1974 The Dispossessed by Ursula Le Guin – in the future and 11 light years from earth, the physicist Shevek travels from the barren, communal, anarchist world of Anarres to its consumer capitalist cousin, Urras, with a message of brotherhood and a revolutionary new discovery which will change everything

1980s
1981 The Golden Age of Science Fiction edited by Kingsley Amis – 17 classic sci-fi stories from what Amis considers the ‘Golden Era’ of the genre, basically the 1950s
1982 2010: Odyssey Two by Arthur C. Clarke – Heywood Floyd joins a Russian spaceship on a two-year journey to Jupiter to a) reclaim the abandoned Discovery and b) investigate the monolith on Japetus
1984 Neuromancer by William Gibson – burnt-out cyberspace cowboy Case is lured by ex-hooker Molly into a mission led by ex-army colonel Armitage to penetrate the secretive corporation, Tessier-Ashpool at the bidding of the vast and powerful artificial intelligence, Wintermute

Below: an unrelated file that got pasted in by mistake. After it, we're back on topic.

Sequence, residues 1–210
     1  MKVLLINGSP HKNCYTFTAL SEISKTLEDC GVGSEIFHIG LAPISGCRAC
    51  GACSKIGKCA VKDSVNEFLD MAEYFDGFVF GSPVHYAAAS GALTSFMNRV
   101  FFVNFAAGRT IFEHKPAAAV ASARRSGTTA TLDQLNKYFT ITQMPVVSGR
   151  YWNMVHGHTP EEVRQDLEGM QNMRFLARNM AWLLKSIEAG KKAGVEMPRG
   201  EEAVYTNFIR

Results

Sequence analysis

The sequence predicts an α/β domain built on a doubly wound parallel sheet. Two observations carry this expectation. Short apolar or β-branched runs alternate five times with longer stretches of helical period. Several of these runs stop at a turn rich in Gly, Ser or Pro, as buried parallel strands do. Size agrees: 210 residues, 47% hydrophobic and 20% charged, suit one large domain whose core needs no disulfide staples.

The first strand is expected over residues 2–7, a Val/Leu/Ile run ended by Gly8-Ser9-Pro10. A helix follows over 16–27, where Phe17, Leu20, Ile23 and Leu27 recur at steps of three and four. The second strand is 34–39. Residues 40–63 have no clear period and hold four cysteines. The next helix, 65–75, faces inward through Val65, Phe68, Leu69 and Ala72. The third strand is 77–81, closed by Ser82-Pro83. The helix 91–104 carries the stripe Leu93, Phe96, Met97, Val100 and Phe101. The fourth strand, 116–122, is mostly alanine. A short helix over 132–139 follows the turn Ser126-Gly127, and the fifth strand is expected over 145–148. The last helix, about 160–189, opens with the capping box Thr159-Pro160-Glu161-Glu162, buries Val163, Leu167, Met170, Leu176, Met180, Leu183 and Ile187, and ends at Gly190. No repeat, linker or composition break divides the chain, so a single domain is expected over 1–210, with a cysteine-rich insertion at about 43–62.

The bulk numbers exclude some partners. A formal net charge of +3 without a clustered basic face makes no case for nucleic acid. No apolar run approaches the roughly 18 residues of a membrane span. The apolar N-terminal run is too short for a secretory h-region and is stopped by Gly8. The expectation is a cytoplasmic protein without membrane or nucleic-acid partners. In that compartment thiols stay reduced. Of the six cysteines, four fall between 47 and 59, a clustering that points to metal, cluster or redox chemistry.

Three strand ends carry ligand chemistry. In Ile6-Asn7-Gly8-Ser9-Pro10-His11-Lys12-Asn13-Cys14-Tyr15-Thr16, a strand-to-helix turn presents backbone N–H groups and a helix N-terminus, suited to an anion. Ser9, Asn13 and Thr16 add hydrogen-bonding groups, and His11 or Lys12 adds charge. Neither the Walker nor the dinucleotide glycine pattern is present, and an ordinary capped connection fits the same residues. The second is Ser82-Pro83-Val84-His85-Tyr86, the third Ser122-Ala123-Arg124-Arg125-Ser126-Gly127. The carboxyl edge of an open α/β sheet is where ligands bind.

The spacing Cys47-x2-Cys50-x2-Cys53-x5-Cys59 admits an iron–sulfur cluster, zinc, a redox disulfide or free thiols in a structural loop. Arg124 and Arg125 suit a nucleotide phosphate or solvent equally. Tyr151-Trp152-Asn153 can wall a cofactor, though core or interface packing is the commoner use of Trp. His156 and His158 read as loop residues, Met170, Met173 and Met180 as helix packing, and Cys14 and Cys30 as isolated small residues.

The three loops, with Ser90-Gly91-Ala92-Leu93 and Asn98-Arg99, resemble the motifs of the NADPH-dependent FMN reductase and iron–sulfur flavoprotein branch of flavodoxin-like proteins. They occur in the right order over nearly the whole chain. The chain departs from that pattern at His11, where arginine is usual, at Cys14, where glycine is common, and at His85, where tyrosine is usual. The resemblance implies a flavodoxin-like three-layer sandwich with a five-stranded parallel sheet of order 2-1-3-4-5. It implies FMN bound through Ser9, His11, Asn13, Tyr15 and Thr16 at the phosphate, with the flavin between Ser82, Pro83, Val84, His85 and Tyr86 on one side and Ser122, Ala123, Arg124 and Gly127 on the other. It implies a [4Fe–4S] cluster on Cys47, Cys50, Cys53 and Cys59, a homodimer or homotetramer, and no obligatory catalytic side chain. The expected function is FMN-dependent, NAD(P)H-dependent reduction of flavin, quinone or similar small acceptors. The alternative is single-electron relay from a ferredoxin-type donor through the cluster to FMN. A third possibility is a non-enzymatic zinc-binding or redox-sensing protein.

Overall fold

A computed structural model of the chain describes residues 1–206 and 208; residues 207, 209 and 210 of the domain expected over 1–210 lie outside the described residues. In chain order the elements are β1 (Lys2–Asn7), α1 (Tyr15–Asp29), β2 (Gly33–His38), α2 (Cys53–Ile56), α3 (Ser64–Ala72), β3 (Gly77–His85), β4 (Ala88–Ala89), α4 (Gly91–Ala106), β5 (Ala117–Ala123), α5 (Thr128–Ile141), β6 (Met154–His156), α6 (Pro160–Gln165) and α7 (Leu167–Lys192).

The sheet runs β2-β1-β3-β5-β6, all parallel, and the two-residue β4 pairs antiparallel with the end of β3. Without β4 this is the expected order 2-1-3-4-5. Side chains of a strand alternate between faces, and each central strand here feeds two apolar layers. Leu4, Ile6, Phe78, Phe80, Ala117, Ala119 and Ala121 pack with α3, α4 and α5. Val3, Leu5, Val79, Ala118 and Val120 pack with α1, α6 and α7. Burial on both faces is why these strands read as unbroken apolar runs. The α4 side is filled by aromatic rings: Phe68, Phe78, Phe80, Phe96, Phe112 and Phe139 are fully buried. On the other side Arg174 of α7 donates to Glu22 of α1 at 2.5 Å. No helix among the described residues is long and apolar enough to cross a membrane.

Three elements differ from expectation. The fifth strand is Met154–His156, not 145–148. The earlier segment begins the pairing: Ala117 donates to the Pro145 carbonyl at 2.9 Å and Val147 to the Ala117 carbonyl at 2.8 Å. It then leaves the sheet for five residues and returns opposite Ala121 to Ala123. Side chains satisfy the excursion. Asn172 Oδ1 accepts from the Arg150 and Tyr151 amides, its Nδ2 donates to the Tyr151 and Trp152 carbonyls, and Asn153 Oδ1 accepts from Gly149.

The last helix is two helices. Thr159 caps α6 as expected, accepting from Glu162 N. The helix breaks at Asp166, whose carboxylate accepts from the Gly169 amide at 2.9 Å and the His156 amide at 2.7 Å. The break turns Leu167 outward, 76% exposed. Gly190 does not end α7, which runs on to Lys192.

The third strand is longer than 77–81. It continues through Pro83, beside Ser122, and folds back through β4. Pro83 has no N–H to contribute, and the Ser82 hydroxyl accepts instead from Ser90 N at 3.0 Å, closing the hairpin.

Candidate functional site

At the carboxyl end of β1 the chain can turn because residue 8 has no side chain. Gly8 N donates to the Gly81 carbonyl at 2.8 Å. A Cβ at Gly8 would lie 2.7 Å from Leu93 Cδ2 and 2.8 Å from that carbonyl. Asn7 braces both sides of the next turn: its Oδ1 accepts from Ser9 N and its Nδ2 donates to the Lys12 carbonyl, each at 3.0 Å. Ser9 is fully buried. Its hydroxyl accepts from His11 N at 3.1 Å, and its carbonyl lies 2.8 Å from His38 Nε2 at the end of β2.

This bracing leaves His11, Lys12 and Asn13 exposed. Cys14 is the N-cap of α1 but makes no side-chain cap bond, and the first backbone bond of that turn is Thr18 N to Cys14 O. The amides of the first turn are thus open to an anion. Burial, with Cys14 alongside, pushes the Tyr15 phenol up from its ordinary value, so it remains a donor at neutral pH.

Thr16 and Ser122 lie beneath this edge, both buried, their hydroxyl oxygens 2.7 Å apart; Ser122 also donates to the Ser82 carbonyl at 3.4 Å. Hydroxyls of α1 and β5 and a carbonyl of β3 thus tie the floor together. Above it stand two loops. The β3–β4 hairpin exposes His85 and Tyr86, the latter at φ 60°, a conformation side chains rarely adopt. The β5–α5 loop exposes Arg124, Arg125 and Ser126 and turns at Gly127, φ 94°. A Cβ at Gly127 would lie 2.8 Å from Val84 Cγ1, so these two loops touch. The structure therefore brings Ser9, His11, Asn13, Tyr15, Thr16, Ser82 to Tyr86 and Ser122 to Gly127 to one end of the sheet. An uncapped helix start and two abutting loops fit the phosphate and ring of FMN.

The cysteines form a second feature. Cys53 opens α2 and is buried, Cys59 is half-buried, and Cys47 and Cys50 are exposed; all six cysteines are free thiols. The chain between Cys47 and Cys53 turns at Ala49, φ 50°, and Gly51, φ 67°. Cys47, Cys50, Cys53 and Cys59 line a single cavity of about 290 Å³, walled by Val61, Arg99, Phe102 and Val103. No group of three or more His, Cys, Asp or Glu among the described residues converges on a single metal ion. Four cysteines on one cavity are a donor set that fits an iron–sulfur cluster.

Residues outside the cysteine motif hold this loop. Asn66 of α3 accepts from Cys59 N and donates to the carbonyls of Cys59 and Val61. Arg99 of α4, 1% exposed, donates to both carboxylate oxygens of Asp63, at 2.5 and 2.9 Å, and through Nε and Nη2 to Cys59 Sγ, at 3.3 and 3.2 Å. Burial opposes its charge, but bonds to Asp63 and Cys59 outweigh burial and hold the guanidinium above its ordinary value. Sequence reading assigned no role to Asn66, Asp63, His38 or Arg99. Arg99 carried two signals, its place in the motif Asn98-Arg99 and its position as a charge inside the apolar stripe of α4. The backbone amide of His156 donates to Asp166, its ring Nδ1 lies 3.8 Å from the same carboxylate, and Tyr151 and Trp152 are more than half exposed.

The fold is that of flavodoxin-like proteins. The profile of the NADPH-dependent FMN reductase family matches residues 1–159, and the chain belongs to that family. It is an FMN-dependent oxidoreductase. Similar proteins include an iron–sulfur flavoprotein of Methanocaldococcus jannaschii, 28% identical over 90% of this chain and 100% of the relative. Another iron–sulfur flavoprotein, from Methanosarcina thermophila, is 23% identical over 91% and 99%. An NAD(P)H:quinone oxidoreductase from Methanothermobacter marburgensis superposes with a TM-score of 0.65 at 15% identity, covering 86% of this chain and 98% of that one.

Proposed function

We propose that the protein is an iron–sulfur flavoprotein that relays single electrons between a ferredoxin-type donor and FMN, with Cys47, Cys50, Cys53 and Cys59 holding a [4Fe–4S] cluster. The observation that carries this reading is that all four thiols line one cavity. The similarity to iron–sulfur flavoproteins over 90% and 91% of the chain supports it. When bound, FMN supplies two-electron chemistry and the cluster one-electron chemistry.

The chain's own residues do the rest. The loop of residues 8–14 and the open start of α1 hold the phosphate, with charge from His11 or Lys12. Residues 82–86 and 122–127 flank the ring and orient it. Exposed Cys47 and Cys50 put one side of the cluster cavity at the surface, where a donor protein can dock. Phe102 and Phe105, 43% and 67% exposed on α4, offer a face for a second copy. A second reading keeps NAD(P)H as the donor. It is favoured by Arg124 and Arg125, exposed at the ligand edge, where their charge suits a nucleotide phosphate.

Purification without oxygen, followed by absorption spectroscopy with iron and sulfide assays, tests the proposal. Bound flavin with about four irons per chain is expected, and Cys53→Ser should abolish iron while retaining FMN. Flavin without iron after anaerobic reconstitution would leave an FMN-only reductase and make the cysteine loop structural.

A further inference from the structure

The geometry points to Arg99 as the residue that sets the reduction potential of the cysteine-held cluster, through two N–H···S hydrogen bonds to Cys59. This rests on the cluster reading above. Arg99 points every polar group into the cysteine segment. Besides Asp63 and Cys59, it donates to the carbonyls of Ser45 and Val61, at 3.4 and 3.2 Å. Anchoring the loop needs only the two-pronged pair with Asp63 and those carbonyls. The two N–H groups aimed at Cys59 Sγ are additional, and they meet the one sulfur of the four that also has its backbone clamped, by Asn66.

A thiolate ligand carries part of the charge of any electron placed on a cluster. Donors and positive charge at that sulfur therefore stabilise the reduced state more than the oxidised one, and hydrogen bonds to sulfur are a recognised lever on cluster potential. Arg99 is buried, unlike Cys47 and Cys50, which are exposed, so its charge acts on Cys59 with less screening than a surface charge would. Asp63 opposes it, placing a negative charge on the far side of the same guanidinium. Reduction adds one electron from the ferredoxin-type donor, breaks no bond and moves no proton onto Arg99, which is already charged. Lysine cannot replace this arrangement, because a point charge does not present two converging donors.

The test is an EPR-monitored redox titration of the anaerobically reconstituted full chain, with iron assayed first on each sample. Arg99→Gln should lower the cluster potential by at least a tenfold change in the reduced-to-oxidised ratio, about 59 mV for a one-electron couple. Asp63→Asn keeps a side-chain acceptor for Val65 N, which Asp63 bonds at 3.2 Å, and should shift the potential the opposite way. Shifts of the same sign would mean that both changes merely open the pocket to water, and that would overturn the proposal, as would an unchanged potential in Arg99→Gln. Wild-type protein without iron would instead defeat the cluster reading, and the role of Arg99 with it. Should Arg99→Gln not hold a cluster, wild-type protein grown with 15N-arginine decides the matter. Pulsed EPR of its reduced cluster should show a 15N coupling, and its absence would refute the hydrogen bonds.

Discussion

1986 Burning Chrome by William Gibson – ten short stories, three or four set in Gibson’s ‘Sprawl’ universe, the others ranging across sci-fi possibilities, from a kind of horror story to one about a failing Russian space station
1986 Count Zero by William Gibson – second in the ‘Sprawl trilogy’
1987 2061: Odyssey Three by Arthur C. Clarke – Spaceship Galaxy is hijacked and forced to land on Europa, moon of the former Jupiter, in a ‘thriller’ notable for Clarke’s descriptions of the bizarre landscapes of Halley’s Comet and Europa
1988 Mona Lisa Overdrive by William Gibson – third of Gibson’s ‘Sprawl’ trilogy in which street-kid Mona is sold by her pimp to crooks who give her plastic surgery to make her look like global simstim star Angie Marshall who they plan to kidnap but is herself on a quest to find her missing boyfriend, Bobby Newmark, one-time Count Zero, while the daughter of a Japanese ganster who’s sent her to London for safekeeping is abducted by Molly Millions, a lead character in Neuromancer

1990s
1990 The Difference Engine by William Gibson and Bruce Sterling – in an alternative history Charles Babbage’s early computer, instead of being left as a paper theory, was actually built, drastically changing British society, so that by 1855 it is led by a party of industrialists and scientists who use databases and secret police to keep the population suppressed

Planet of Exile by Ursula Le Guin (1966)